Macau – Guangzhou – Guilin – Yangshuo
We decided to describe this first stretch of our trip in “China proper” in great detail, simply to show how easy it is to travel in an environment where communication is rather difficult. It took us about 23 hours to cover the approx. 750 kilometres between Macau and Yangshuo, but it was hardly tiring or boring. The public bus in Macau took us to the border at “Portas de Cerco” where we crossed into Mainland China together with zillions of gamblers who had spent the weekend in Macau. Despite the big crowd things moved smoothly.
Once outside the immigration building a small visitors’ desk helped us to find the way to the underground bus station. Actually, we were the only “Westerns” crossing the border there. There were however quite a few other Asian nationalities. This very comfortable bus took us Guangzhou in about 2.5 hours.
Again, there were a few young people at an info desk eagerly telling us how to get to the railway station, which involved taking the subway. They even walked us to the nearby subway stop equipped with a bilingual subway map! The rest was a piece of cake. We were so surprised how easy it was to travel with mostly Chinese writing all around us, but this feeling changed once we approached the square in front of Guangzhou’s train station. Although we were not even quite sure whether it was the train station, we just moved with the crowd, assuming that if sooooo many people with luggage want to enter a building, it must be the train station!
The crowd was huge, many sitting on the ground in large groups, others making their way to the entrance. Although there are three huge entrances, only two small passages were open and the pushing and shoving got worse and worse the closer we came to the door. Once we were pushed through the gap, the reason for the congestion became clear: every luggage was screened!
There was no place to change money inside the train station and although the train did not leave for another two hours, we could not see ourselves fighting the crowd entering the train station again. For this reason, we also chose the only (!) eatery inside. We expected this place to be equalled mobbed with people, but we were wrong. Most people had brought instant noodle dishes or other snacks. The time till our departure we spent in the very comfortable “soft sleeper” waiting room, discovering how the system worked.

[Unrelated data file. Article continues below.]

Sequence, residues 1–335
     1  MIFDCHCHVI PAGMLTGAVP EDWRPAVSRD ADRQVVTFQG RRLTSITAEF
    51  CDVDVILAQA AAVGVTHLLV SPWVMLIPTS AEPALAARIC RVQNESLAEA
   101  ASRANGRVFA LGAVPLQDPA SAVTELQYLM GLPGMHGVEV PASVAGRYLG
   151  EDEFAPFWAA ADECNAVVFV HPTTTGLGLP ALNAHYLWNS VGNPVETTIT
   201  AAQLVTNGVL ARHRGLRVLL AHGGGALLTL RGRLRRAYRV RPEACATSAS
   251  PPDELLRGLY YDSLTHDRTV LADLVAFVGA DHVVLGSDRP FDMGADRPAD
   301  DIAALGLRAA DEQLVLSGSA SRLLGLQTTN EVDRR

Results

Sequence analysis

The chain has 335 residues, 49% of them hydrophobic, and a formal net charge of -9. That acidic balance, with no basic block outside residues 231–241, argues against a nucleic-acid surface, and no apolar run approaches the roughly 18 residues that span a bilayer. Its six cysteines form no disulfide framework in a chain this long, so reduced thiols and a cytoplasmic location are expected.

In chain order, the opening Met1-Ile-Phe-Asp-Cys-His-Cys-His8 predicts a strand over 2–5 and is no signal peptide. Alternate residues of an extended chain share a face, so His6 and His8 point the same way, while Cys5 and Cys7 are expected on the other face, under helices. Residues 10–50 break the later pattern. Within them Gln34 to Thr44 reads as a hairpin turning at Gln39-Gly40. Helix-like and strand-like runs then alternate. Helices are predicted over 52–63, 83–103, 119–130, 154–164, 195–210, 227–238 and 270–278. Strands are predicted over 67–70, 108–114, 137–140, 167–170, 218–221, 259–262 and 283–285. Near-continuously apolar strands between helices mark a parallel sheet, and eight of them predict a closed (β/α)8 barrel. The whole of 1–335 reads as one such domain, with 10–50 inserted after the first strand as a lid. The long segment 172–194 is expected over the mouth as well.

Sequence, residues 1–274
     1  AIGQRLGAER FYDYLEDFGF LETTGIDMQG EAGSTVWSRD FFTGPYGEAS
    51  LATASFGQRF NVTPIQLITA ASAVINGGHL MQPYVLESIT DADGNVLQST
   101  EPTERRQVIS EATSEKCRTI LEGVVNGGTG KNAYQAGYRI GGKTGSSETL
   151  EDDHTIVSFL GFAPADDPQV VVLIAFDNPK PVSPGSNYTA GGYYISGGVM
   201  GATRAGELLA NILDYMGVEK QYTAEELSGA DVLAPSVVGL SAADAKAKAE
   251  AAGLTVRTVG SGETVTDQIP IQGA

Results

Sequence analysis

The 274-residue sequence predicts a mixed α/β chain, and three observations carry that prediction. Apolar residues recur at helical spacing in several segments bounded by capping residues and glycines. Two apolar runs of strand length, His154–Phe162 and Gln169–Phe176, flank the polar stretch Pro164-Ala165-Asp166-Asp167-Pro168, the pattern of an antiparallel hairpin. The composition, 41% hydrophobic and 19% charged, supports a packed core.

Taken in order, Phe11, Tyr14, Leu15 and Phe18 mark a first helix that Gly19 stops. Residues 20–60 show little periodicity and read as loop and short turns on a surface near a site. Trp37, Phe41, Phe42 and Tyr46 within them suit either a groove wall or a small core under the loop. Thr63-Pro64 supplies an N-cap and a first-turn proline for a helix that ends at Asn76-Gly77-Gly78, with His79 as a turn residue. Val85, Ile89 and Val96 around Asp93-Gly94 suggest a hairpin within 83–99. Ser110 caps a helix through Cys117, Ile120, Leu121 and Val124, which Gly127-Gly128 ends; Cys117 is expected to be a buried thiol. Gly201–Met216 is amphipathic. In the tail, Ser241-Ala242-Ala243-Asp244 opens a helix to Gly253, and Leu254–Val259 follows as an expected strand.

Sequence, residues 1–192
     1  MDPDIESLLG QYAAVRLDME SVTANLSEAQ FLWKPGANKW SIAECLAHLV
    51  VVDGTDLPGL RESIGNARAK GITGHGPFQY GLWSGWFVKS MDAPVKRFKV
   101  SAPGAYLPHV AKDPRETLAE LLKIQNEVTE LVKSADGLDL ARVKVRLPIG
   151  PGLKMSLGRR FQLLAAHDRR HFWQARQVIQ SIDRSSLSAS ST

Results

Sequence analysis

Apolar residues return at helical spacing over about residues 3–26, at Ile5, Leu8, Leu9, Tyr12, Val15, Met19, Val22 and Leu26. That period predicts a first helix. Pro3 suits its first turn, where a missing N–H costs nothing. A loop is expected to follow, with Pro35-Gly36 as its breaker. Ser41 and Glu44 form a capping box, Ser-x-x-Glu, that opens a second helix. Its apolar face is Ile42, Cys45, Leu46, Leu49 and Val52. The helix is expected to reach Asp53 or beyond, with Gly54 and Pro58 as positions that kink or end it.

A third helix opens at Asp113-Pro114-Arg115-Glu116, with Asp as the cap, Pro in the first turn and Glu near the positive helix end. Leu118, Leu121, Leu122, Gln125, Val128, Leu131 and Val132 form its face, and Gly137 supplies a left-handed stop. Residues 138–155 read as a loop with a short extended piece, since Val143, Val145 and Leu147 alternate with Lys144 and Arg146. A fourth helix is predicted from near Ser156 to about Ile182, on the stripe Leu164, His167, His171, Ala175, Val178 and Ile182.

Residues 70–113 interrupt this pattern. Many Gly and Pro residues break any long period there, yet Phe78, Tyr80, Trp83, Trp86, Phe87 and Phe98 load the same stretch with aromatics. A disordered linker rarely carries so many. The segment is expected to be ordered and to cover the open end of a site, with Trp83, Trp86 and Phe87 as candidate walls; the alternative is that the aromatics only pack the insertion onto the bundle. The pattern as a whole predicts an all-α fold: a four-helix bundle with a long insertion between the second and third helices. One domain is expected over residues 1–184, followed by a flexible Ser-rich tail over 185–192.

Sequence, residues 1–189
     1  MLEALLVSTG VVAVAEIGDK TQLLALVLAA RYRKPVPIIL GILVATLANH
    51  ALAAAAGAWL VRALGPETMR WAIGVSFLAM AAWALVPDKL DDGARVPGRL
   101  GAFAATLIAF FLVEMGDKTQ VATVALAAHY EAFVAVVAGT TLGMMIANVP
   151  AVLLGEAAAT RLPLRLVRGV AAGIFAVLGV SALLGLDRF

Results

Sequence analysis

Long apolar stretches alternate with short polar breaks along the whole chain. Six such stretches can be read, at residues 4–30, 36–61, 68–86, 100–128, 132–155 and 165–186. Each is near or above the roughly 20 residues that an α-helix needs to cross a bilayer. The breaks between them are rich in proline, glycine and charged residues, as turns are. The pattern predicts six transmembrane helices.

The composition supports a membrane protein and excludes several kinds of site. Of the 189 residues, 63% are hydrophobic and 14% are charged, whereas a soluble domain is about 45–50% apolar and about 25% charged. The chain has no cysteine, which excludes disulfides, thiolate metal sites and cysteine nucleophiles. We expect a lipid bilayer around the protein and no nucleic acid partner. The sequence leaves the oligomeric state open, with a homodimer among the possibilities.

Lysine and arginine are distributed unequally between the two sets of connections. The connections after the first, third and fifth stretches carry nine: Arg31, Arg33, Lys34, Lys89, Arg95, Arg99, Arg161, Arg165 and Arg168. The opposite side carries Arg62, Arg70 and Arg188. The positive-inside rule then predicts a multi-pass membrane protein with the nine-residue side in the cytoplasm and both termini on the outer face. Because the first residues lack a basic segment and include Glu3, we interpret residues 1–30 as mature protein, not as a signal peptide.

Once a train was leaving a lady with a big megaphone would enter the lounge and shout orders, apparently asking the passengers to go to the platform. Only then passengers are allowed there, obviously to move such crowd, rigid organisation is necessary. Since we had no clue what her commands were, we carefully watched the clock, but when it was time to board the megaphone lady waved us over and again we rolled with the crowd. Again the only foreigners!
Now our ticket did the talking, the attendant that stands like a sentry at the door of each carriage passed us on to another who showed us our compartment, which, to our relief, we did not have to share with anybody. Actually only half of the compartments in our carriage were occupied, apparently the 40 Euros being too expensive for the vast majority of Chinese travellers.
Of course, we checked out the dinning car, most customers were the many conductors and other employees who enjoyed themselves there, especially when it came to who was going to take OUR order. After a brief discussion amongst the waitresses, a young girl was sent over to our table with a little piece of paper in Chinese, the menu (?), looking embarrassed and shrugging her shoulders. She asked all the other passengers for help but in vain. Eventually, Heidi got up and pointed at some dishes at the neighbouring tables – those that could be somehow identified – and we ended up with a delicious dinner for a few Euros.
Once in Guilin, things took a different turn, we were immediately approached by touts and people working for the small bus companies speaking good English. Of course they tried to badly overcharge us, but Gilles knew what the bus ticket should cost, so we eventually paid approx. the normal price. Within minutes, we were put on the bus to Yangshuo and off we went for the last 1.5 hour of our trip.